The New York Times is probably the best newspaper in the United States, if not the entire world, but they have never respected editorial cartoons or cartoonists. While they have reprinted syndicated cartoons (I know this because they’ve reprinted mine), they have never employed a staff cartoonist, and for this, they are quite proud.
However, their international edition has made use of them for years, using syndicated cartoons and hiring cartoonist Patrick Chappatte. Now, after running a cartoon a month and a half ago that drew condemnation for antiSemitism, the Times has decided to stop running political cartoons entirely.
The Times would never ditch opinion columns over one offending columnist, which proves their disrespect for cartoons.
This news gained widespread attention after Chappatte, who did NOT draw the offending cartoon, published a blog post about the Times’ decision. Previously, the Times dropped using syndicated cartoons after the controversy and scolded the editor who approved it. Now, all cartoons have to go from every edition.
Chappatte points out that this isn’t just a slight upon making funny pictures, but a serious danger for all of journalism. He writes, “I’m afraid this is not just about cartoons, but about journalism and opinion in general. We are in a world where moralistic mobs gather on social media and rise like a storm, falling upon newsrooms in an overwhelming blow. This requires immediate counter-measures by publishers, leaving no room for ponderation or meaningful discussions.”
Joining those moralistic mobs on social media to condemn the “antiSemitic” cartoon were conservative cartoonists, who leap at any opportunity to attack the “failing” and “fake news” New York Times. In regards to the Times ending all political cartoons, they’re silent.
Ann Telnaes, one of two Pulitzer Prize-winning cartoonists employed by The Washington Post, called the Times “feeble” in a Twitter post. She also wrote, “Every online newspaper ought to have a link to its editorial cartoonists’ work on the homepage. In a sea of words, readers gravitate toward an editorial cartoon.”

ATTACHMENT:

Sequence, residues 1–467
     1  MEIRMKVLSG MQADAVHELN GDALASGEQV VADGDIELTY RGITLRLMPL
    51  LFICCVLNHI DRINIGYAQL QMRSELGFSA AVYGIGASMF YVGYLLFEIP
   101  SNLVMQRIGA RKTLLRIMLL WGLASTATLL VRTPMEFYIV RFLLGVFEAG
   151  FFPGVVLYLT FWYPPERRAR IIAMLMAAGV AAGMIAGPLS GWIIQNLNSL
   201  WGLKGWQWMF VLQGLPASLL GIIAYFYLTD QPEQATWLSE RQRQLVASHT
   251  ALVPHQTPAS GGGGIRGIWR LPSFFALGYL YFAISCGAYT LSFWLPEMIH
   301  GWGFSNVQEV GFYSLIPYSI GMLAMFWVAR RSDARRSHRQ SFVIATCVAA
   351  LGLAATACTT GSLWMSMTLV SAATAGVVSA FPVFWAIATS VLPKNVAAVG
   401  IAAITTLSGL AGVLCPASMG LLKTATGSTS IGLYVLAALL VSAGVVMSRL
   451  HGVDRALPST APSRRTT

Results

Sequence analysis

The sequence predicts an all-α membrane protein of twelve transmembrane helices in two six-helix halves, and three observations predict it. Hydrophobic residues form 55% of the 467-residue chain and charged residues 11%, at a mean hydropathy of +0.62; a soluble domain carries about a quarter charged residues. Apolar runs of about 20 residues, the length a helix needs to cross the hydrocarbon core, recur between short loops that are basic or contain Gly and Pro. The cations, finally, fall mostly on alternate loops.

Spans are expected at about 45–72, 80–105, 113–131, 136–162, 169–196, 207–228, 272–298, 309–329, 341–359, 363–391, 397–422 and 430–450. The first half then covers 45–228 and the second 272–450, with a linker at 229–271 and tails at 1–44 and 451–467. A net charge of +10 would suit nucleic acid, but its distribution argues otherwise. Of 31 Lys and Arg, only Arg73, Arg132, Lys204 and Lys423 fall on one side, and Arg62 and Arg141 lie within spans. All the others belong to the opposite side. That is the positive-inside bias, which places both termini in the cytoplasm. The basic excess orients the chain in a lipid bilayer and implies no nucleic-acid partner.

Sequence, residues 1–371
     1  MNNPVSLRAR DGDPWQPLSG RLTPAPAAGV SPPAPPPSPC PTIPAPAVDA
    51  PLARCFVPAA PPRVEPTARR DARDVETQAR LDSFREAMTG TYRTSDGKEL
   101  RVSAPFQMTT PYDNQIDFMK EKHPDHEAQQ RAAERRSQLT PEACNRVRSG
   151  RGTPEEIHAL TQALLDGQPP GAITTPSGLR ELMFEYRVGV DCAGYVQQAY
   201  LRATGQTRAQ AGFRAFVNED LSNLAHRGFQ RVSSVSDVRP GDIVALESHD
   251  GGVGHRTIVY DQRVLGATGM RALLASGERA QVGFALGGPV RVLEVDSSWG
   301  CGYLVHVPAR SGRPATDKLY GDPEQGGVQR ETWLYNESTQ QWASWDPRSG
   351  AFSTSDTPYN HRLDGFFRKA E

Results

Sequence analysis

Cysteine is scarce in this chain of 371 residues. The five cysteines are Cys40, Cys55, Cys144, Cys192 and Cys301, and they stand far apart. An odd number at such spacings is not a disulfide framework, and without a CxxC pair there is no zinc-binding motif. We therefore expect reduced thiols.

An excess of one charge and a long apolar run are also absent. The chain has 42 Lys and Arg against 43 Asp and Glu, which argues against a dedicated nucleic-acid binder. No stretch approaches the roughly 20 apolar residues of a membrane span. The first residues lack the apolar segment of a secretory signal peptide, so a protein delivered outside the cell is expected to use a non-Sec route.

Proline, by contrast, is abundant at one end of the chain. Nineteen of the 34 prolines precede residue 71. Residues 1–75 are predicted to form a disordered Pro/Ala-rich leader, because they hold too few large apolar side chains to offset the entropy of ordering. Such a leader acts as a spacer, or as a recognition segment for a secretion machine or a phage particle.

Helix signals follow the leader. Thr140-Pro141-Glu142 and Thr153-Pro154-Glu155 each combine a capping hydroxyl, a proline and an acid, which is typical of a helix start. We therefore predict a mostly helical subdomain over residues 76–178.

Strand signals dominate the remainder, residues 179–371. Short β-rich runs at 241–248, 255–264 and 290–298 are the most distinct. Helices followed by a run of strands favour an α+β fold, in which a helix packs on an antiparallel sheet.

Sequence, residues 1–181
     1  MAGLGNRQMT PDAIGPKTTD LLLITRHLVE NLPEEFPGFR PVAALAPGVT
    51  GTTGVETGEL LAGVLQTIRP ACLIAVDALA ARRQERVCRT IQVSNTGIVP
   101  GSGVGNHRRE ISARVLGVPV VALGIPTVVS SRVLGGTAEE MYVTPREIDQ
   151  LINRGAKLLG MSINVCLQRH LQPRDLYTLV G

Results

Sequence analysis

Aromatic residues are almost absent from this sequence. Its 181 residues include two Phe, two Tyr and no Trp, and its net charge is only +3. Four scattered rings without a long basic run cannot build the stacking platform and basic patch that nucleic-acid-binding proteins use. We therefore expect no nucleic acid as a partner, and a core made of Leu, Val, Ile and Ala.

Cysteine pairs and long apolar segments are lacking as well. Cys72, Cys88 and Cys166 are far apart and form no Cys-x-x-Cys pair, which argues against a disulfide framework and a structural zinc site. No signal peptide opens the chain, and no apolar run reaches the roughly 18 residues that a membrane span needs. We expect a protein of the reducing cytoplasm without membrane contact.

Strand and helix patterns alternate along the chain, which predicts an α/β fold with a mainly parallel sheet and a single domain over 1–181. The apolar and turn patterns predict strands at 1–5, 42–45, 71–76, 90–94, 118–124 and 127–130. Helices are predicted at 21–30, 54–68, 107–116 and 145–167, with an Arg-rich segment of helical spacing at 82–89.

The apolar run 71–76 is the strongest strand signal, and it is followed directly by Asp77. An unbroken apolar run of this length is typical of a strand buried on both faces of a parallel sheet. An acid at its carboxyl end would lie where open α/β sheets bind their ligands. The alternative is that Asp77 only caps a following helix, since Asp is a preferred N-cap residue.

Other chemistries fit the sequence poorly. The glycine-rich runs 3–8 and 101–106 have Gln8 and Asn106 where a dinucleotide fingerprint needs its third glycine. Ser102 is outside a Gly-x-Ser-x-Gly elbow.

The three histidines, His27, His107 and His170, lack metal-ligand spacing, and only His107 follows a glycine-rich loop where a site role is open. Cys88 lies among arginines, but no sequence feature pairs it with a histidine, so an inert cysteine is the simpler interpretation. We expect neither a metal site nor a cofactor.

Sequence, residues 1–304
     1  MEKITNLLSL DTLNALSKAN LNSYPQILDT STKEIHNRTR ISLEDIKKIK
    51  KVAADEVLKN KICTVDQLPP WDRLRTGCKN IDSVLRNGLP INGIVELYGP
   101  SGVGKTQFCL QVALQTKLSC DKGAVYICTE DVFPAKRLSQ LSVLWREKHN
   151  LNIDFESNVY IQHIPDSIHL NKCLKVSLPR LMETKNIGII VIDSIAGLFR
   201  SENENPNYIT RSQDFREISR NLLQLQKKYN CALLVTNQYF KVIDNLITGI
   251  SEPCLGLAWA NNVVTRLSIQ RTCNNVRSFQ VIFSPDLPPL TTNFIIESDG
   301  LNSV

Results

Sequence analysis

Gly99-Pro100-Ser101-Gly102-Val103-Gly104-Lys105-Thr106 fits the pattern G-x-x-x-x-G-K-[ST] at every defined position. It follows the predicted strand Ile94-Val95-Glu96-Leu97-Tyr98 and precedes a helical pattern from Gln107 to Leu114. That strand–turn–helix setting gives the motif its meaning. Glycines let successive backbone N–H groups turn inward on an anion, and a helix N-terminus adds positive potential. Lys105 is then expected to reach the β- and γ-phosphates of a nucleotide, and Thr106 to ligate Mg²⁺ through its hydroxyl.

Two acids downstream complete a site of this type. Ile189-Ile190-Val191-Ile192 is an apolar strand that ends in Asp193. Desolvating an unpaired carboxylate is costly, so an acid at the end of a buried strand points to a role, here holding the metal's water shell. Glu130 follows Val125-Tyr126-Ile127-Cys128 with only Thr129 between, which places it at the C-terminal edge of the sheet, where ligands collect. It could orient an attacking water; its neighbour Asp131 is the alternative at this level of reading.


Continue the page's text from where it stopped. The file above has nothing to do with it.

My friend Ann is absolutely correct and her suggestion makes the most sense for online news outlets, which means none of them are doing it.
While I was in Raleigh two weeks ago, hanging out with several political cartoonists celebrating the life of one of our own, news came in that Gatehouse, a corporation that eats newspapers, was laying off three cartoonists in their chain. There are fewer online papers with cartoonists to highlight on their homepage. These are homepages that are less interesting.
Even more mind-boggling for me is the that not one online news publication, like The Daily Beast, Buzzfeed, Vice News, Slate, Salon, Vox, etc, are employing a staff cartoonist, or even hiring a freelancer.
Readers do gravitate toward editorial cartoons. Why aren’t news outlets utilizing a feature that would draw in more readers, repeat readers, reader comments, and audience engagement? If nothing else, they should employ one just for the opportunity to win a Pulitzer Prize.
While not respecting cartoonists, news outlets do respect Pulitzers. In fact, The New York Times actually won a Pulitzer Prize in 2018 for…wait for it…EDITORIAL CARTOONS. The award was given to the Times for the work of two freelancers who created a graphic series for the newspaper. The Times has no use for cartoons except to pick up prestigious journalism awards from their work. Since the Times refuses to use cartoons, does this mean they’ll refuse to enter their graphics into the Pulitzer’s cartoon category?
Newspapers have been laying off cartoonists for at least two decades. There were over 150 cartoonists employed when I got into the business in 1990. Today, there’s probably less than 30. You have a better chance of becoming an NFL quarterback than of becoming an employed political cartoonist in an American newspaper.
Today, cartoonists are having to create new outlets for their work and revenue. Many are using Patreon to help generate income from reader support. I have the link below asking readers to help out if they’re willing and able. I and many others are creating new outlets for our work.
Cartoonist Matt Bors created The Nib, a daily online publication that focuses on political cartoons and graphic journalism. Rob Rogers, who was fired after 30 years at the Pittsburgh Post-Gazette for refusing to stop drawing cartoons critical of Donald Trump, is one of the brains behind Counterpoint, another online publication for political cartoons. My own endeavors to survive without a position at a daily newspaper was to create this blog, this syndicate, and gain, by accident, a new outlet for cartoons, CNN‘s weekly opinion newsletter.
The New York Times does great journalism which may be more important today than ever before. Likewise, it’s more important today than ever before to offer the best commentary, not just on Trump and threats he poses, but on all current events. The Times has abandoned one of the best forms of commentary.
What can we do? You can email the Times at email@example.com. If you do have a subscription and decide to cancel, tell them you’re going to subscribe to The Post because they employ TWO political cartoonists.
Lastly, tweet this cartoon AT The Times. If their notifications keep annoying them over a cartoon, maybe it’ll show them how much of an impact a cartoon can have.
And maybe then they’ll start to respect political cartoons.
You can purchase a signed print of this cartoon.
Watch Me Draw.
To: firstname.lastname@example.org “No political cartoons, no subscription.” CUT PASTE SEND
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